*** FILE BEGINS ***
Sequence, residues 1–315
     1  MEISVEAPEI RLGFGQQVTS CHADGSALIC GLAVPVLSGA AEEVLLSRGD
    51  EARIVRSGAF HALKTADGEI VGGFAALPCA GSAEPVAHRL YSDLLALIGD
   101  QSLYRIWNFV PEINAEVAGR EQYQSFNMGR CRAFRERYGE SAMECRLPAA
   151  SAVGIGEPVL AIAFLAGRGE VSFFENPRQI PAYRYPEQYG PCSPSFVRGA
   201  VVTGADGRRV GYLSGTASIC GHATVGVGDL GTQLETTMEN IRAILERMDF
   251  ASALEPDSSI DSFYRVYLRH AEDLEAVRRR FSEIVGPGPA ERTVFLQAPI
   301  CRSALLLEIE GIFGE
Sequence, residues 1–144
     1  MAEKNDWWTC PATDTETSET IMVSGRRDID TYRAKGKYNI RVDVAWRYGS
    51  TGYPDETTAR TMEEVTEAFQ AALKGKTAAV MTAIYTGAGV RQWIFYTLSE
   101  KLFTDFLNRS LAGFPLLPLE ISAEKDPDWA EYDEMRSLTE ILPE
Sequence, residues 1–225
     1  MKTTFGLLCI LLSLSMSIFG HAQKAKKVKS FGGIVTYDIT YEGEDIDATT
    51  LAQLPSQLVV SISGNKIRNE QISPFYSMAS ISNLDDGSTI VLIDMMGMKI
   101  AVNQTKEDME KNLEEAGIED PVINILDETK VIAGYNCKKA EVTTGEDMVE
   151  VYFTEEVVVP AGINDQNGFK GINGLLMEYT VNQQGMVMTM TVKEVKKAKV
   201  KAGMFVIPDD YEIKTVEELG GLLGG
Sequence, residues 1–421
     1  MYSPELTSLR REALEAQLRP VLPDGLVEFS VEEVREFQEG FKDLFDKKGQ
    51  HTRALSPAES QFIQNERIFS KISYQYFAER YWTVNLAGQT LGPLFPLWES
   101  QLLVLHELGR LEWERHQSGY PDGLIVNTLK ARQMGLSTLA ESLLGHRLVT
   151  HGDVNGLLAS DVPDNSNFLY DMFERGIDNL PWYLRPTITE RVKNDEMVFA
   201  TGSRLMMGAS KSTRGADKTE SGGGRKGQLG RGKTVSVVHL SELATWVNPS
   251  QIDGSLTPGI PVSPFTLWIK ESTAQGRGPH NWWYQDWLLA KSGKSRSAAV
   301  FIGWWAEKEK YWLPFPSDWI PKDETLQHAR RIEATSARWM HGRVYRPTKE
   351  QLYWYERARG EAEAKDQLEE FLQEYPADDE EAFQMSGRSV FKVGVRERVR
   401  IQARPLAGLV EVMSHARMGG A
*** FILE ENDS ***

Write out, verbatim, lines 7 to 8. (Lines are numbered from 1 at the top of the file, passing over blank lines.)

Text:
   251  ASALEPDSSI DSFYRVYLRH AEDLEAVRRR FSEIVGPGPA ERTVFLQAPI
   301  CRSALLLEIE GIFGE